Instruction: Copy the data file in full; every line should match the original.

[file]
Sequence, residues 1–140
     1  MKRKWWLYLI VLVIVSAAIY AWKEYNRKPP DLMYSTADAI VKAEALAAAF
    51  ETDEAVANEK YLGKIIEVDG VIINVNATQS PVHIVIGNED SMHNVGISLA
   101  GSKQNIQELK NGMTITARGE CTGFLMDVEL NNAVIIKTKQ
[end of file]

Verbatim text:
Sequence, residues 1–140
     1  MKRKWWLYLI VLVIVSAAIY AWKEYNRKPP DLMYSTADAI VKAEALAAAF
    51  ETDEAVANEK YLGKIIEVDG VIINVNATQS PVHIVIGNED SMHNVGISLA
   101  GSKQNIQELK NGMTITARGE CTGFLMDVEL NNAVIIKTKQ